News & Insights 1 November 2019

Jumping word hurdles with pupils

As the Communications and Policy Manager for Action Tutoring, I know how frustrating it can be when you can’t fix on the word or phrase that you need to get your job done.

When I first started volunteering as an English tutor, this was what I was so excited about: helping my pupils become more confident expressing themselves in writing. The more you can refine your own writing and apply the words you learn accurately, the more meaning you can unlock in complex texts and find greater satisfaction in expressing your ideas to others.

As a tutor I discovered pretty quickly that the first challenge in sessions was often ensuring that pupils understood the material, which involved slowing right down and dismantling words that had become barriers to accessing the meaning of the text.

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After that, you had to start the tricky business of generating ideas about what you’d read and picking choice quotations. The final hurdle was expressing these ideas clearly by finding the right words of your own.

It sometimes stopped me in my tracks when my pupils did not know a word that I was expecting them to know, making me wonder how many other words they had passed over without asking for an explanation. I realised how important it was to check their understanding of a passage and dwell on significant words, and I made it my mission to help them acquire some of these words for the future.

I studied medieval languages at university and whenever I was trying to commit a new word to memory during my studies, I would look for a path connecting it to another word, idea, or image. I thought of it like putting up pegs in my mind to hang the new words on. The Old Norse word hegri sounds a bit like ‘egg-grey’, which could help you picture grey bird that lays eggs and remember that hegri means heron. Some words happen to have memorable stories that help you store the meaning away.

One of my favourite examples is the Old English word sōna, from which we get our adverb ‘soon’. But to Anglo-Saxons, sōna actually didn’t mean ‘soon’, but ‘immediately’: over time, our way of saying ‘right now’ ended up meaning ‘in a bit’ – a shift in meaning that we can all relate to!

I tried to put this method into practice with my pupils when I wanted them to retain more ambitious vocabulary. One pupil did not know the word ‘crimson’. I told him to think of a criminal with bright red blood on their hands, so that the sound of the word and the colour it represented would be connected by an image. Finding these pathways and pictures was a fun and rewarding way of dealing with obstacles in sessions, and I would try to revisit these words in future to ensure they were remembered.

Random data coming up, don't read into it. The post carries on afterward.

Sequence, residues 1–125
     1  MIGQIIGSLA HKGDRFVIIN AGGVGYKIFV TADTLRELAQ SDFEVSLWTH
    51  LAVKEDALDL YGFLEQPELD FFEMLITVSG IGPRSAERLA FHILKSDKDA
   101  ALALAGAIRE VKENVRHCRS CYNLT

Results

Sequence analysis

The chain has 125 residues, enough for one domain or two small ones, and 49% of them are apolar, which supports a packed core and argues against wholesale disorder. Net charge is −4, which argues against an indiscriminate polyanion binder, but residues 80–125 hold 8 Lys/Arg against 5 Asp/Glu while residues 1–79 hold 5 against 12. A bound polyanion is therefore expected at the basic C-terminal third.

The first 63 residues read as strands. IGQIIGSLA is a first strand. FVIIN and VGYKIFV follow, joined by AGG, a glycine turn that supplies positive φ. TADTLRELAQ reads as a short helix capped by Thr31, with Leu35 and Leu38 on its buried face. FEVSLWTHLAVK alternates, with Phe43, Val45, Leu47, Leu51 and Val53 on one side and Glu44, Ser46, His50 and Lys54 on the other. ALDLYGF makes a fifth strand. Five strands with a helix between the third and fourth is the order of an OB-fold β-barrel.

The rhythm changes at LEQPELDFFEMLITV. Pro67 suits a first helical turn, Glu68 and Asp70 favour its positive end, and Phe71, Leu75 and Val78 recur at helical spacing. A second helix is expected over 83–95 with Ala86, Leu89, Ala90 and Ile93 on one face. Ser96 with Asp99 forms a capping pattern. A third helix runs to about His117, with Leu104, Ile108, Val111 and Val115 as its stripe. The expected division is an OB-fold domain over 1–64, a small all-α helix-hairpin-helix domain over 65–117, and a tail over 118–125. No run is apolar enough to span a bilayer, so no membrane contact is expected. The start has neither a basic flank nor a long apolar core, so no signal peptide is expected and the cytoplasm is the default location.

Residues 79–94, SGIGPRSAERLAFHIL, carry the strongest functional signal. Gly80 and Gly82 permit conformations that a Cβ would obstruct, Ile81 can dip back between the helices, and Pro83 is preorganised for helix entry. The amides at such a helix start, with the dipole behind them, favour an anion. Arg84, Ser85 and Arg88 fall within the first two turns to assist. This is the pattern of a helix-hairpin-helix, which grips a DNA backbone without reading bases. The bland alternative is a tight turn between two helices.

Of course, as great as it is to teach our pupils new vocabulary and help them remember it, we also need to help them cope when they face a word that they don’t know in an exam, without getting hung up on it. Fortunately, it should always be possible to draw a valid interpretation without knowing even a lynchpin word, provided you can back it up with evidence from the surrounding text.

A good example of this is in the Old English poem The Battle of Maldon, where a word with unclear meaning appears during a turning point in the narrative. The hero is said to act with ofermōd – which has been variously interpreted in this context as meaning ‘too much heart/courage’ or as ‘excess pride/arrogance’. The events that unfold, and the representation of the hero overall, can be interpreted entirely differently depending on that one word. Although the exact meaning intended by the author can’t be known, we can accept either interpretation because both can be convincingly justified using the rest of the poem.

Our English workbooks for primary school pupils have a ‘Word Journal’ in the back pages which tutors will be familiar with: pupils are encouraged to write a new word and draw pictures around it, to help them remember it better. Although our GCSE pupils might not appreciate being asked to illustrate new words they’re learning, it is certainly worth taking time to discuss new words, write them down, and revisit them in future sessions.

Words are not only fascinating but empowering, helping you to access meaning and express yourself, and I think that is a worthy goal to have for our pupils beyond their exams: to better understand and interpret what they see, and to make their feelings and ideas more clearly understood.

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